The Games That Time Forgot: Oh Mummy
There was a time when Computer Games were not accessible online, on a CD or on a cartridge – instead they were on a cassette that you would put into the keyboard and wait for it to load the pixelated joy that called a computer game back in the eighties. For today’s Forgotten Game, we are heading back to 1984 with the release of Oh Mummy.
Oh Mummy was released in 1984 on the Amstrad CPC and the ZX Spectrum. It was a game developed by Gem Software and published by Amsoft. It’s one player game in the genre of Arcade Maze Game.
Oh Mummy was released as one of the free games that came with the Amstrad CPC when it was originally released – it was based on the format of the Pac-Man games. It was based on a style of a grid format where there were 13 rectangles placed around a square, which the game’s protagonist would walk around whilst avoiding the mummies. The aim of the game was to unveil all the treasure in the ‘tombs’ by walking around the rectangles in the maze to find the tomb and the key. The character would leave footsteps so you could see where you have been and where you need to go.
When a rectangle had been walked around fully, it would either reveal a scroll, mummy, key or tomb – and sometimes, nothing at all! If you opened a rectangle containing a scroll, it meant that you were able to kill one of the mummies by walking up to them. As you passed levels, the difficulty and speed of the mummies increased. The music in the game was based on children’s songs such as The Streets of Cairo or the Poor Little Country Maid.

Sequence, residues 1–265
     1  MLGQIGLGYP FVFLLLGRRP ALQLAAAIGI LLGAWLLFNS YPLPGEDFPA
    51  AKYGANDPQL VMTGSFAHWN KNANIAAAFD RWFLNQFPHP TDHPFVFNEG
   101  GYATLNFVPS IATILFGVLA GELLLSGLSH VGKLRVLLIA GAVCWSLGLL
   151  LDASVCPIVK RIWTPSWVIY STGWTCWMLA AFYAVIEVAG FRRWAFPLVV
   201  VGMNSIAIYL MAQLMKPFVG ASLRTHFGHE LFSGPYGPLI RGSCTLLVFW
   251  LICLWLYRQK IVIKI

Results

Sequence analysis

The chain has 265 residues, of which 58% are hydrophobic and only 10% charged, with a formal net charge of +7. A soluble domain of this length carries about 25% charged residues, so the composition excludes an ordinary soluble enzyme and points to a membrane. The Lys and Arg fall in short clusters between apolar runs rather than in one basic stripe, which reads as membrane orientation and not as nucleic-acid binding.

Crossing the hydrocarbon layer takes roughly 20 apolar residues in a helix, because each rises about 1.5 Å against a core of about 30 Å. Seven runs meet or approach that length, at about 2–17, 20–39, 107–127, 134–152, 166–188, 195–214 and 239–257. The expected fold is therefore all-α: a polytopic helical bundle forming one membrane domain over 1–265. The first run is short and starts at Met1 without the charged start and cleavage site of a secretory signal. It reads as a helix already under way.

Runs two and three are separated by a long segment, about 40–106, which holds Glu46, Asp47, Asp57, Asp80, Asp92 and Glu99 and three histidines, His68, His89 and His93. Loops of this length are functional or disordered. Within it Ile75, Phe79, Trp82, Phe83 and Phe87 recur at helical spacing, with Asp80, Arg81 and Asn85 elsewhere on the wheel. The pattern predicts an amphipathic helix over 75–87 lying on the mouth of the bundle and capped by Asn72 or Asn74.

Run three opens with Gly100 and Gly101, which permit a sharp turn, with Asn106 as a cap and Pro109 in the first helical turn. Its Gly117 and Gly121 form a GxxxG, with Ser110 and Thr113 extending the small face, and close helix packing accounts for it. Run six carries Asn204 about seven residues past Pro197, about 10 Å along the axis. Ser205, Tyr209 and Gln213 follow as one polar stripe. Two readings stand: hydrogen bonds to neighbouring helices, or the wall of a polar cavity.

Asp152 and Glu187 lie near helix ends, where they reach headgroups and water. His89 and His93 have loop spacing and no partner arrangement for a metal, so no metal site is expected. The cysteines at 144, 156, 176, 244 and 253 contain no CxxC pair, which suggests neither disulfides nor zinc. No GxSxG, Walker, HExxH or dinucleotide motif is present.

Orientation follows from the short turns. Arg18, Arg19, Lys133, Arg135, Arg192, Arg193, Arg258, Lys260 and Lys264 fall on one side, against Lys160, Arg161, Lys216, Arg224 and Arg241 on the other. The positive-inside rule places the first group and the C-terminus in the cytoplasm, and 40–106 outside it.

Even though the gameplay was basic and the music wasn’t the greatest, it was still considered as one of the better games for the Amstrad in the early years of the console. Whilst it could be played by letters on the keyboard, many people used a joystick for more accessible gameplay.
There was no prequels or sequels to the game, however, there are modern versions of this game on the app store that someone has created so you can re-live the fun of the eighties and the simplicity that it welcomes to the player.